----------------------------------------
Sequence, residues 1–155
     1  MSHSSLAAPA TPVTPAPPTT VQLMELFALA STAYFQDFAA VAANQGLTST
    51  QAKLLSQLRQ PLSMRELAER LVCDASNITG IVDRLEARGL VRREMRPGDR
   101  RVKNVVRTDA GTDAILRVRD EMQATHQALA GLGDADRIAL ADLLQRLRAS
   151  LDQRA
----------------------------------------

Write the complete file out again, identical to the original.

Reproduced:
Sequence, residues 1–155
     1  MSHSSLAAPA TPVTPAPPTT VQLMELFALA STAYFQDFAA VAANQGLTST
    51  QAKLLSQLRQ PLSMRELAER LVCDASNITG IVDRLEARGL VRREMRPGDR
   101  RVKNVVRTDA GTDAILRVRD EMQATHQALA GLGDADRIAL ADLLQRLRAS
   151  LDQRA